Bartle and Sherbert's classic Introduction To Real Analysis gives a rigorous development of real analysis in one variable. Analysis is a branch of mathematics that justifies and proves all the techniques and results of differential & integral calculus. It deals with concepts such as smoothness, convergence, divergence, and so on.
Their treatment of limits, of continuity, of convergence, of differentiation and integration is exact and complete. They give readers a full grounding in epsilon/delta proof methodology for the major theorems of modern single variable calculus.
Because they deal in a single variable, they don't spend much time on basic topology. The book consists of eight chapters. A brief introduction to set theory is followed by a presentation of the real number system. Note that they don't construct the field of real numbers, they merely state the completeness theorem that fills in the gaps found in the field of rational numbers (e.g. the square root of two is a real number not found in the rationals).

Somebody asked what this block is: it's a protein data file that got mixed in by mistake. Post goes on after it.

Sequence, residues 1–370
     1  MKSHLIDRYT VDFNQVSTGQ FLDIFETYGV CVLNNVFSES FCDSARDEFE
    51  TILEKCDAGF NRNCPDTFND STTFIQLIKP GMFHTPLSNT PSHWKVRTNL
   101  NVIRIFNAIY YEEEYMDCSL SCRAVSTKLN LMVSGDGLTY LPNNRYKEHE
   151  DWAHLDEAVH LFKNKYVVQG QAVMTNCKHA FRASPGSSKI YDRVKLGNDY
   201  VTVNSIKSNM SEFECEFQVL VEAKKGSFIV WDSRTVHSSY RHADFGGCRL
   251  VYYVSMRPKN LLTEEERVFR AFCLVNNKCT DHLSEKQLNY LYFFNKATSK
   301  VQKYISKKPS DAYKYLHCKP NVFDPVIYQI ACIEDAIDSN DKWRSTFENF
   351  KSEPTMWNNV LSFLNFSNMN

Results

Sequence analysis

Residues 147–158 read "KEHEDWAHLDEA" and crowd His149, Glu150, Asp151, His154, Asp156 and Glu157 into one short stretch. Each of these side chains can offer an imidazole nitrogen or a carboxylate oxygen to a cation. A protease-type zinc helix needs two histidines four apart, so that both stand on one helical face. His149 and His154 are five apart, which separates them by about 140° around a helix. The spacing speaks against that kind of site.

The meat of the book begins with chapter three on sequences followed by chapters on limits & continuity, differentiation, Riemann integration, sequences of functions, and finally infinite series.
The many exercises will give readers much opportunity to hone their skills.
I have a few pet peeves. I find the tone a little patronizing. Walter Rudin's Principles of Mathematical Analysis is much more rigorous and explores the topic in greater depth than does Bartle & Sherbert's textbook, but he nowhere adopts their slightly consdescending tone.
Also, the presentation is a little dry. Many of the theorems they give are profound and exciting but one doesn't get this from the text. And they miss out on even hinting at fascinating results because it falls outside the scope of their program. For example, they spend a great deal of time on a rigorous elaboration the sine as cosine functions purely through their derivative properties, with no reference to their geometry interpretation. But because their text doesn't deal with complex numbers, they miss out on presenting a beautiful result that follows straightforwardly from this construction.
Overall, a solid and correct but not very inspiring introduction to the topic. Still, this is a great book from which to teach a course. Teachers can supply the inspiration themselves.
Vincent Poirier, Tokyo